Although there’s no dedicated mode dial, simply pressing the centre button within the control dial activates the mode menu where you can choose between various shooting options. The standard Intelligent Auto mode will detect scene conditions and apply appropriate shooting settings, or you can break out the big guns and switch to Superior Auto mode, whereby the camera will also capture multi-exposure shots should it detect a high-contrast scene. If you fancy taking control, there’s a programmable automatic mode that’ll let you tweak things like ISO sensitivity and white balance, though that’s as far as the camera’s manual control goes.
Three more modes options make an appearance on the DSC-WX220. One gives you access to the camera’s fourteen scene modes, plus there’s a separate mode that’ll activate Sony’s iSweep Panorama feature. Just press the shutter and pan the camera right, left, up or down and it’ll automatically snap away and stich the images into a seamless panorama. Three pan widths can be pre-selected using the main menu, so you can choose between roughly 120, 180 or 360-degree spans. However, you can’t simply stop panning at will to suit the width of your vista.
The last of the six available modes is a dedicated video preset containing its own Intelligent Auto option that’ll apply appropriate video capture settings to suit your subject. There’s also scope to switch to a Portrait video mode which artificially blurs backgrounds and sharpens your subject. Alternatively, switch to Landscape, Night Scene, Beach, Snow, Fireworks and High Sensitivity settings, with each having its own bias of colour saturation and exposure metering to suit the environment you’re recording in.
Sony has clearly packed the DSC-WX220 with plenty of automatic tech, but it’s also got its fair share of effects to let you exercise your creative side. Nudge the mode dial down and a colour and effects display pops up to let you tweak the brightness, colour and vividness of your images. Pretty cool, but there’s also a fourth option on this display which activates the DSC-WX220’s Picture Effects, so you can give your shots a toy camera or retro look, plus a posterized or monochrome vibe. There’s several more effects on offer, so check out the Image Quality page of this review for an example of each.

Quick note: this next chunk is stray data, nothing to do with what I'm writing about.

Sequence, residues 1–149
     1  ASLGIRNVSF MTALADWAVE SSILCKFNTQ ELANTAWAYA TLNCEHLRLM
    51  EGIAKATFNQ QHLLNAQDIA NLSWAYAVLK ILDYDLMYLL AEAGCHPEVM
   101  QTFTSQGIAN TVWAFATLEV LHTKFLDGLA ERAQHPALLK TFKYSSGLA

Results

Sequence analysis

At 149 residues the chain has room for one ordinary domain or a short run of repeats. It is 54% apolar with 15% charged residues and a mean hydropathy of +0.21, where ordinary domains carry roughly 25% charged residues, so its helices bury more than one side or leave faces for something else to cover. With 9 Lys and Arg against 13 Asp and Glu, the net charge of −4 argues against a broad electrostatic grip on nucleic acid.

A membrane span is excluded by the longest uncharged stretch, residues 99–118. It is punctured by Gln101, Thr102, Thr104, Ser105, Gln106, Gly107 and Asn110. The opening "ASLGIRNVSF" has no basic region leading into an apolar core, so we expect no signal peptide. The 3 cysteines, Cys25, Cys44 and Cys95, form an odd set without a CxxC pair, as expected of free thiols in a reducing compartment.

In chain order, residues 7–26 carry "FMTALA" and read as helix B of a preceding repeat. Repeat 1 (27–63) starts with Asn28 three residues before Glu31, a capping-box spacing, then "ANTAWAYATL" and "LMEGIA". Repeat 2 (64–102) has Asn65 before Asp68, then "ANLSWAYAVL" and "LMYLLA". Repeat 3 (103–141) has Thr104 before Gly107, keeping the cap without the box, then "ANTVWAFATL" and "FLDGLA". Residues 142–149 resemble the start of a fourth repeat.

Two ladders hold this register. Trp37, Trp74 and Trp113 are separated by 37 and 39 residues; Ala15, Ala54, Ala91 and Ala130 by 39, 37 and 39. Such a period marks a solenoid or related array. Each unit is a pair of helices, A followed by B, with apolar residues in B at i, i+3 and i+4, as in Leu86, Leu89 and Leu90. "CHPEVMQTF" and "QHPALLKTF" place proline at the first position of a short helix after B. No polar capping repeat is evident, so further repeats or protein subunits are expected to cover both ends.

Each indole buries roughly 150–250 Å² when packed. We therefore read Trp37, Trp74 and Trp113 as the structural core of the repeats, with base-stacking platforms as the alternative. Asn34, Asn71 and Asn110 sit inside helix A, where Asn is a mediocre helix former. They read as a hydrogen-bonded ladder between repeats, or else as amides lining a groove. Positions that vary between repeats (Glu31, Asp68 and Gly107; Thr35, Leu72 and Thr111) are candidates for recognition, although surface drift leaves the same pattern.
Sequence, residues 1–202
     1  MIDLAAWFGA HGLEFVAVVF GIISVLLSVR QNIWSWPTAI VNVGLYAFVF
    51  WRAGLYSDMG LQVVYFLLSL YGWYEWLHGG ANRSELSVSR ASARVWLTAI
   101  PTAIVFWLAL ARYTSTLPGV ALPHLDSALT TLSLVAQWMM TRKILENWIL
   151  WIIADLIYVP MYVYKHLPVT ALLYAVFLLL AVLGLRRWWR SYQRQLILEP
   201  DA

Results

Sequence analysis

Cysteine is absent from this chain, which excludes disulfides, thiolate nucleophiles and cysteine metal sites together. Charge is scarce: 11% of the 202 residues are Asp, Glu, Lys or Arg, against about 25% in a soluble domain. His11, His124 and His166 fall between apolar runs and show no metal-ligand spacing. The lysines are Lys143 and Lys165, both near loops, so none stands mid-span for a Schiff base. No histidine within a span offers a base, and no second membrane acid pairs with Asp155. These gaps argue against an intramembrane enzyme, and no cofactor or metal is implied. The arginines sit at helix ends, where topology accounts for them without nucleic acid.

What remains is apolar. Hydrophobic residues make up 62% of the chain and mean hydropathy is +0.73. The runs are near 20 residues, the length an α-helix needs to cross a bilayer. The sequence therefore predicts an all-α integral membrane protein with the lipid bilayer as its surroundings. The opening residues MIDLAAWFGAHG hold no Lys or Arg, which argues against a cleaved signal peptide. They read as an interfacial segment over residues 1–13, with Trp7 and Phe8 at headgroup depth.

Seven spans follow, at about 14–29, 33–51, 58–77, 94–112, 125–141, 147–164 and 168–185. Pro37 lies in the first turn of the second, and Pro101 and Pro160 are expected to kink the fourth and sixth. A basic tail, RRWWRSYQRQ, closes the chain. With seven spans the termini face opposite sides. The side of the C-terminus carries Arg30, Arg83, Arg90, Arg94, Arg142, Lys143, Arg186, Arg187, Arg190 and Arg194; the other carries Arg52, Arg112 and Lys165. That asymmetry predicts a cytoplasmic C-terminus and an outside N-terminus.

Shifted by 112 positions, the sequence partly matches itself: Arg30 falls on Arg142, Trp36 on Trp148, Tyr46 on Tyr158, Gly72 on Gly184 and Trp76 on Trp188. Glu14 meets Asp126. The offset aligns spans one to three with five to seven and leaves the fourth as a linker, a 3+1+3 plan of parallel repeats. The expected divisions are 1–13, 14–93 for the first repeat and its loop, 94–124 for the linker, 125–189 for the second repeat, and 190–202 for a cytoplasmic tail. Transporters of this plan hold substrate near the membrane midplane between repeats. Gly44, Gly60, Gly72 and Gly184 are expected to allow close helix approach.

Strangely a couple of effects like HDR Painting, Miniaturisation and Watercolour can only be accessed via the main menu in Program auto mode. Annoyingly Sony’s menu layout isn’t the most coherent in the business and it takes a little while to remember where such settings are stored, though thankfully the clear white on black design with orange highlighting is at least easy on the eye. Everything’s displayed on five tabs with horizontally-arranged subpages, rather than a typical vertical scrolling layout.
The middle tab on the menu controls the camera’s Wi-Fi ability that’ll let you browse and share images via your smartphone or tablet. You’ll need to download Sony’s free PlayMemories Mobile app to take advantage of this and it’s not the clearest system to setup, but once connected it works well, albeit after a slightly sluggish start-up. The Wi-Fi connectivity also let you shoot remotely, so you could even hide the camera for some stealthy wildlife shots. You’ll want to go easy on the Wi-Fi usage though, as it does suck quite a bit of juice and puts the battery’s already mediocre 210-shot lifespan under increased pressure.
Power up the DSC-WX220 and it’s ready to shoot in a shade over one second. At this point we did find the camera to be somewhat picky about memory cards, often requesting a reformat before it’d accept its recording media. This invariably cures the fussiness though, after which the autofocus system doesn’t waste any time finding its mark, locking on to subjects almost instantly in good light. In darker conditions you’ll need to wait about a second for accurate focussing, but it’s still reasonably quick. There were a couple of occasions where the camera appeared to focus accurately yet the final shot was out of focus, but thankfully these instances were rare.